Process Control ChartsSlide 35 of 37 • Some Control Chart Concepts (continued) • Corrective Action. When a process is out of control, corrective action is needed. Correction action steps are similar to continuous improvement processes. They are • Carefully identify the problem. • Form the correct team to evaluate and solve the problem. • Use structured brainstorming along with fishbone diagrams or affinity diagrams to identify causes of the problem.
Process Control ChartsSlide 36 of 37 • Some Control Chart Concepts (continued) • Corrective Action (continued) • Brainstorm to identify potential solutions to problems. • Eliminate the cause. • Restart the process. • Document the problem, root causes, and solutions. • Communicate the results of the process to all personnel so that this process becomes reinforced and ingrained in the operations.
Process Control ChartsSlide 37 of 37 • Some Control Chart Concepts (continued) • How Do We Use Control Charts to Continuously Improve? • One of the goals of the control chart user is to reduce variation. Over time, as processes are improved, control limits are recomputed to show improvements in stability. As upper and lower control limits get closer and closer together, the process improving. • The focus of control charts should be on continuous improvement and they should be updated only when there is a change in the process.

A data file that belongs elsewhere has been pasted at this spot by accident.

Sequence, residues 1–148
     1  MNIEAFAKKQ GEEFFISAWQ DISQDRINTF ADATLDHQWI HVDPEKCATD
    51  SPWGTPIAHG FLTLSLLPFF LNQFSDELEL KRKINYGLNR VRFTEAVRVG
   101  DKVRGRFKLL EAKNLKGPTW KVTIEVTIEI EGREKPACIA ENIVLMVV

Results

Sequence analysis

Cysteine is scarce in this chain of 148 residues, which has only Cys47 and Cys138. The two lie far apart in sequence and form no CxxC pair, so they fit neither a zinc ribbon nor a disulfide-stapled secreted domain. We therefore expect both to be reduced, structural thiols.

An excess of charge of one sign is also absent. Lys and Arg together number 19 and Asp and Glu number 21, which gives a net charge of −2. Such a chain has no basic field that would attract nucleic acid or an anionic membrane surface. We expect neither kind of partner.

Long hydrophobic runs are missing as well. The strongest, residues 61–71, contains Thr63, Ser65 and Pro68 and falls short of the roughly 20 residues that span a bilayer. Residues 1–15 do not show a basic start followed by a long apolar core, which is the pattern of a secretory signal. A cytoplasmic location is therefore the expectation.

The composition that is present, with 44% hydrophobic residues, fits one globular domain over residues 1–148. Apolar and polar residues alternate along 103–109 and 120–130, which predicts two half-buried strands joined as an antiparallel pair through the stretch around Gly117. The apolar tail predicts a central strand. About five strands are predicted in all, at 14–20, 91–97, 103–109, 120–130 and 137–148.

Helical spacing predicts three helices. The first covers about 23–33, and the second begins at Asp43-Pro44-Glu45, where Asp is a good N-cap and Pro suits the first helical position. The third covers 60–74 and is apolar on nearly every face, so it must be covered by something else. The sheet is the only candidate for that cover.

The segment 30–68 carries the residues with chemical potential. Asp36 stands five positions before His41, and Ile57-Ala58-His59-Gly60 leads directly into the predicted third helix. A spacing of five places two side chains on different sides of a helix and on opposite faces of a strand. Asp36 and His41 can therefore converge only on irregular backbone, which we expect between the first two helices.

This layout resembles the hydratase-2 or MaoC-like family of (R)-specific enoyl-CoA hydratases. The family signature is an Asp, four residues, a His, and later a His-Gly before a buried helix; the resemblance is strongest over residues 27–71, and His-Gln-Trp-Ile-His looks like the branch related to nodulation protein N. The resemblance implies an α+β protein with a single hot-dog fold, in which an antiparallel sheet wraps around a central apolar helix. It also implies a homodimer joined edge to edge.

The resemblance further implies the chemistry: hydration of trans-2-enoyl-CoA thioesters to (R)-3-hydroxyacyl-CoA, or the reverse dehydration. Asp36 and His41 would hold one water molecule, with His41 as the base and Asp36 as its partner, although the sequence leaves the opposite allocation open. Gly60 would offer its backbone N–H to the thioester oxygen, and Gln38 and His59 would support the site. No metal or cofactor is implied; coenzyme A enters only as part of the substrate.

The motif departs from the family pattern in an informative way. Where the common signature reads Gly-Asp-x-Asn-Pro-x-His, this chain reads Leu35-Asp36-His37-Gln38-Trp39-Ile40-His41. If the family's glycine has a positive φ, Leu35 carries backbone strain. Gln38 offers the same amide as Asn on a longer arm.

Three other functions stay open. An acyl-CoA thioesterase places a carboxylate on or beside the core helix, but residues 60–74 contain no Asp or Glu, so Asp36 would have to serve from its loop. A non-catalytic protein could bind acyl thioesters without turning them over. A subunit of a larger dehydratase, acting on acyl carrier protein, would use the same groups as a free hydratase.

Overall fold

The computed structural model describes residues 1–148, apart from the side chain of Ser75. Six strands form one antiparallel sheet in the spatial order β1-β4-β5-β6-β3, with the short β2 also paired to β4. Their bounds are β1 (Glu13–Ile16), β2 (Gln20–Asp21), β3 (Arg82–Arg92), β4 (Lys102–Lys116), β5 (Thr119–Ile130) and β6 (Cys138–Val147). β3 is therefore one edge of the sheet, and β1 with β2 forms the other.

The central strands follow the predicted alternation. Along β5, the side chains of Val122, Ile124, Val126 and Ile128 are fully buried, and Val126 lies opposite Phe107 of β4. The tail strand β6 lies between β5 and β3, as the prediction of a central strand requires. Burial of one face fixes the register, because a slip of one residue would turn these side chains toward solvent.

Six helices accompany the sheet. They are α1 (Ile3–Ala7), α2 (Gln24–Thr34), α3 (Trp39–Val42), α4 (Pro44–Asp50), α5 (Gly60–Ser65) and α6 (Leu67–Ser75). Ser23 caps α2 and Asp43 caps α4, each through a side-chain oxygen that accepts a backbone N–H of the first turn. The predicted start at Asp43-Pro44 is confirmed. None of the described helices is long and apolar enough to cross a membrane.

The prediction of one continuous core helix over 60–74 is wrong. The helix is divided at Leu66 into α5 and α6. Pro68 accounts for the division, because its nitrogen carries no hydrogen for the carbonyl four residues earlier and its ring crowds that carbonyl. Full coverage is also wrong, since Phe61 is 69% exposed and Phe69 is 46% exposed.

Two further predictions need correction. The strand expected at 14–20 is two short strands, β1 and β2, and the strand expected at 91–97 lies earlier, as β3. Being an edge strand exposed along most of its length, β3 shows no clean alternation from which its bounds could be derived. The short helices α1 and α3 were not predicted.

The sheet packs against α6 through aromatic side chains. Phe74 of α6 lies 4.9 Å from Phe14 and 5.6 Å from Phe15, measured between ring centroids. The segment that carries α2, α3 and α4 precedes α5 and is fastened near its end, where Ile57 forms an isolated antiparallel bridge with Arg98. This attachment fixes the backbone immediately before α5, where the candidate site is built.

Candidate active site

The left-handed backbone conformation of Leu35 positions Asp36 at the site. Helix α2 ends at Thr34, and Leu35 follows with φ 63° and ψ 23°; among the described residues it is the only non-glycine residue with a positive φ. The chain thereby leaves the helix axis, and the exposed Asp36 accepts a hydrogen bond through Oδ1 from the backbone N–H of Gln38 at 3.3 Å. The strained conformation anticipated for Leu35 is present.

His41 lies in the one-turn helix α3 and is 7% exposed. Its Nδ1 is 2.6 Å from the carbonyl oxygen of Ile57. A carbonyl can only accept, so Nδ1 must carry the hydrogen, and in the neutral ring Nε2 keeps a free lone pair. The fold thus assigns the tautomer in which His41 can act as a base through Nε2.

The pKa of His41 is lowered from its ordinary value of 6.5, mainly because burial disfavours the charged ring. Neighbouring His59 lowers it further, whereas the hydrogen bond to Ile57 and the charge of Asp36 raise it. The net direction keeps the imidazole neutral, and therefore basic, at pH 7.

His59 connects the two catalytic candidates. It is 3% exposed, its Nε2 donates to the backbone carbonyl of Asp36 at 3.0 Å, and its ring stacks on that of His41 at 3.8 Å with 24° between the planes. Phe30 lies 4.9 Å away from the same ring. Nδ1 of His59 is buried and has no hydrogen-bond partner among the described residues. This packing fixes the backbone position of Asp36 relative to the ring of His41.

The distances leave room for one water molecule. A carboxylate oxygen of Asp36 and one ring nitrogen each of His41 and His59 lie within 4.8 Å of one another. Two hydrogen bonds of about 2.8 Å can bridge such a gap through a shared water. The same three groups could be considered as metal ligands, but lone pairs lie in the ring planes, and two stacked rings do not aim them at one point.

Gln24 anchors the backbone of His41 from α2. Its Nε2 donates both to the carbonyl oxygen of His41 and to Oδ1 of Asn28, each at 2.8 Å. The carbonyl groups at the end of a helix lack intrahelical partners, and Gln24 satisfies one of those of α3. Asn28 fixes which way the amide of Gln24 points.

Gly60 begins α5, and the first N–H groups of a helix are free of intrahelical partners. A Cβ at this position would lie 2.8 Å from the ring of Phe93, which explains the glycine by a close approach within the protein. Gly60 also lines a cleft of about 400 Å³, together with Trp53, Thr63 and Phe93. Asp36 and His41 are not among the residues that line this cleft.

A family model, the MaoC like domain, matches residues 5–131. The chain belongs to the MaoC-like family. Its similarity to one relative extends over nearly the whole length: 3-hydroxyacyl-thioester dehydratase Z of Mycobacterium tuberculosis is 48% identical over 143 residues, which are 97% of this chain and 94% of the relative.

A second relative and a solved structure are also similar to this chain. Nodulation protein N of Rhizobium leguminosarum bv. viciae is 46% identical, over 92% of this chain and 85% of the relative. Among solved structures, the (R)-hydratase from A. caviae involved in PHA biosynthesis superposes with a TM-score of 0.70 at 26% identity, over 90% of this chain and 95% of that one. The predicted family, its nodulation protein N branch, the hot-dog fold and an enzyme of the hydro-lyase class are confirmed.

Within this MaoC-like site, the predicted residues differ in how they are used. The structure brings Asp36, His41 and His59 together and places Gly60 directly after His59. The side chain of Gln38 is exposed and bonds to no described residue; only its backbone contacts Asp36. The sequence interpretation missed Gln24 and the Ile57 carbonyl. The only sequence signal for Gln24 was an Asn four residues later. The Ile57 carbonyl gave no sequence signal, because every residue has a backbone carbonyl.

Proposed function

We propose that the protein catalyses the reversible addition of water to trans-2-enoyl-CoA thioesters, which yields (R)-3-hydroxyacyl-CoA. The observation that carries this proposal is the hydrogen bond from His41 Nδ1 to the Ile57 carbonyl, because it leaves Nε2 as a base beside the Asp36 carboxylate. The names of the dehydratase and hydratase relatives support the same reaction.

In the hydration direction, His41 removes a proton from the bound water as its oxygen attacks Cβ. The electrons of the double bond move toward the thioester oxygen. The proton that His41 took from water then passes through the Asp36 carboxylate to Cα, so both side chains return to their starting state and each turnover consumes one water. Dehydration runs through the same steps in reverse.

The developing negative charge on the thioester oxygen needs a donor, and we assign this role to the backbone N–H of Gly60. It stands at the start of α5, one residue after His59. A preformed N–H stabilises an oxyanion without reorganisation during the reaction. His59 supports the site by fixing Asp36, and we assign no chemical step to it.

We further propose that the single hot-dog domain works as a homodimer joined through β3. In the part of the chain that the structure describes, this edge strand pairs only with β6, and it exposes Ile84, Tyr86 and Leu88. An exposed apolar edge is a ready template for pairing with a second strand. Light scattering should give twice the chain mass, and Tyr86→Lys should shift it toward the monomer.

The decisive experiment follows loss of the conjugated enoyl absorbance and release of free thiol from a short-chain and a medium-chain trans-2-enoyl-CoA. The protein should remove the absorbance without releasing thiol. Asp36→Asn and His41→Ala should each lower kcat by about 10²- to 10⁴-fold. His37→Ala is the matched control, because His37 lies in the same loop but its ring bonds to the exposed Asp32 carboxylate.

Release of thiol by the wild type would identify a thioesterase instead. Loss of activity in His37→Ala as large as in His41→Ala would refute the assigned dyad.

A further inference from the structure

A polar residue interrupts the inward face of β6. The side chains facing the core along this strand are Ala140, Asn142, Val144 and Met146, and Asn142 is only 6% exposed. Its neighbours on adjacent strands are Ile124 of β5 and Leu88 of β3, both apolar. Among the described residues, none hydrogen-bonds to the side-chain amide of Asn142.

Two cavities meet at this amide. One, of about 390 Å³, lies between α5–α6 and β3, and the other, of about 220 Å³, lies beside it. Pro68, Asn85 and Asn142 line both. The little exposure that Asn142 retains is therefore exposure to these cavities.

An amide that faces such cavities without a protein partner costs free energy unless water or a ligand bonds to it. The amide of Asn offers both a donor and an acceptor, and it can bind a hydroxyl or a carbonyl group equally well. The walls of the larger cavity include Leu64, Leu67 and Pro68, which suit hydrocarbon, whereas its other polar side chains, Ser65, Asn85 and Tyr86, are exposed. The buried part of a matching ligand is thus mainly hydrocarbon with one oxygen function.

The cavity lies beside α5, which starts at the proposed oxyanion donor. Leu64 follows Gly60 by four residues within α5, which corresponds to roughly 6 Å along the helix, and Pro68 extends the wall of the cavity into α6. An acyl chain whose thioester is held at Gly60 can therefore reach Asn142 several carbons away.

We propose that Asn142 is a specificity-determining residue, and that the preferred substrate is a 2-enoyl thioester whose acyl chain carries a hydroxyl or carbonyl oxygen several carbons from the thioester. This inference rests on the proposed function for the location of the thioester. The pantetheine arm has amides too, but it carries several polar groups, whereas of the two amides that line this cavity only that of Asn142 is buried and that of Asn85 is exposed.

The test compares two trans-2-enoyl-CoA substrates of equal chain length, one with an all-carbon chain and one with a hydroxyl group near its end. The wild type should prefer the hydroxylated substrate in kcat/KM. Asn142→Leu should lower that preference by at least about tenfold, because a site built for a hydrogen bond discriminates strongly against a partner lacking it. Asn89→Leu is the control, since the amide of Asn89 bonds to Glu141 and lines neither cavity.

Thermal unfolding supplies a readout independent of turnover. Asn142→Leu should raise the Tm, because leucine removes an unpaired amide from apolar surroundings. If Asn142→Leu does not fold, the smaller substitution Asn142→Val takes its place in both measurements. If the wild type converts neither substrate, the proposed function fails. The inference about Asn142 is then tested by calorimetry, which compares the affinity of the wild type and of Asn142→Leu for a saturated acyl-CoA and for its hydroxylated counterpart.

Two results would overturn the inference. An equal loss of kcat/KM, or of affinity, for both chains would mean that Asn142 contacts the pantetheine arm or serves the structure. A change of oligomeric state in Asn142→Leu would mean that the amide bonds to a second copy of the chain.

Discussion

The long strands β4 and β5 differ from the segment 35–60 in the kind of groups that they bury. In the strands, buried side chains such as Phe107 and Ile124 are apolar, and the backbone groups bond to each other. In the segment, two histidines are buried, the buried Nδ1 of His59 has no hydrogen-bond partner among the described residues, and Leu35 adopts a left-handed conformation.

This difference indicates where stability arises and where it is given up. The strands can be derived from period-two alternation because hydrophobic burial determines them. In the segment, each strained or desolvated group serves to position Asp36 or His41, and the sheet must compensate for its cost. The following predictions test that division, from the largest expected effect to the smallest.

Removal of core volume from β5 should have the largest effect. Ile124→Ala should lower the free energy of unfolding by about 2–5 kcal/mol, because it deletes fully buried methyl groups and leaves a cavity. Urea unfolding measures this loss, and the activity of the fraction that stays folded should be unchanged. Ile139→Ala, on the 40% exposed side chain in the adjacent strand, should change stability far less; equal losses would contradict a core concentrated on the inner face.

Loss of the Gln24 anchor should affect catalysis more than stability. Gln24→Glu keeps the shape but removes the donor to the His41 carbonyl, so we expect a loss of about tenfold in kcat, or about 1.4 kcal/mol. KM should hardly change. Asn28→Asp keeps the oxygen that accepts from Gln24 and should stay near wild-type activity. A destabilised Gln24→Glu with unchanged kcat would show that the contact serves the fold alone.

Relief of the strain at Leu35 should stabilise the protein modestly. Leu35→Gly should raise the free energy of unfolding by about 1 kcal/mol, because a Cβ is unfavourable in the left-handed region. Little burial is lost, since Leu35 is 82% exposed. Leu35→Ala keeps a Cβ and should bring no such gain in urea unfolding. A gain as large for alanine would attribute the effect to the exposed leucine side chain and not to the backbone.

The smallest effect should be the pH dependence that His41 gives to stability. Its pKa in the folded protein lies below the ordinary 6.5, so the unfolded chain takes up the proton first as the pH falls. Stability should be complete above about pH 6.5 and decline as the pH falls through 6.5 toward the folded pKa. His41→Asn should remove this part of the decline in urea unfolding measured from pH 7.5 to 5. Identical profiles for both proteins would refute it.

Process CapabilitySlide 1 of 4 • Process Stability and Capability • Once a process is stable, the next emphasis is to ensure that the process is capable. • Process capability refers to the ability of a process to produce a product that meets specifications. • Six-sigma program such as those pioneered by Motorola Corporation result in highly capable processes.
Process CapabilitySlide 2 of 4 Six-Sigma Quality (Figure 10.21 in the textbook)
Process CapabilitySlide 3 of 4 • Process Versus Sampling Distribution • To understand process capability we must first understand the differences between population and sampling distributions. • Population distributions are distributions with all the items or observations of interest to a decision maker. • A population is defined as a collection of all the items or observations of interest to a decision maker. • A sample is subset of the population. Sampling distributions are distributions that reflect the distributions of sample means.
Process CapabilitySlide 4 of 4 • The Difference Between Capability and Stability? • Once again, a process is capable if individual products consistently meet specifications. • A process is stable if only common variation is present in the process.
Determine characteristic to be charted. How to choose the correct control chart Non-conforming units? (% bad parts) Nonconformities? (I.e., discrepancies per part.) Is the data variable? NO NO YES YES YES NO NO Constant samplesize? Is sample space constant? Use m chart. Use p chart. YES YES Is it homogeneous, or not conducive to subgroup sampling? (e.g., chemical bath, paint batch, etc.) Use c or m chart. Can subgroup averages be conveniently computed? Use np or p chart. Use median chart. NO NO YES YES Next slide. Use X - MR chart.
How to choose the correct control chart Use . Use . X - R chart X - R chart Can subgroup averages be conveniently computed? (from previous page) NO Use median chart. YES Is the subgroup size < 9? NO YES Can s be calculated for each group? NO YES Use . X - s chart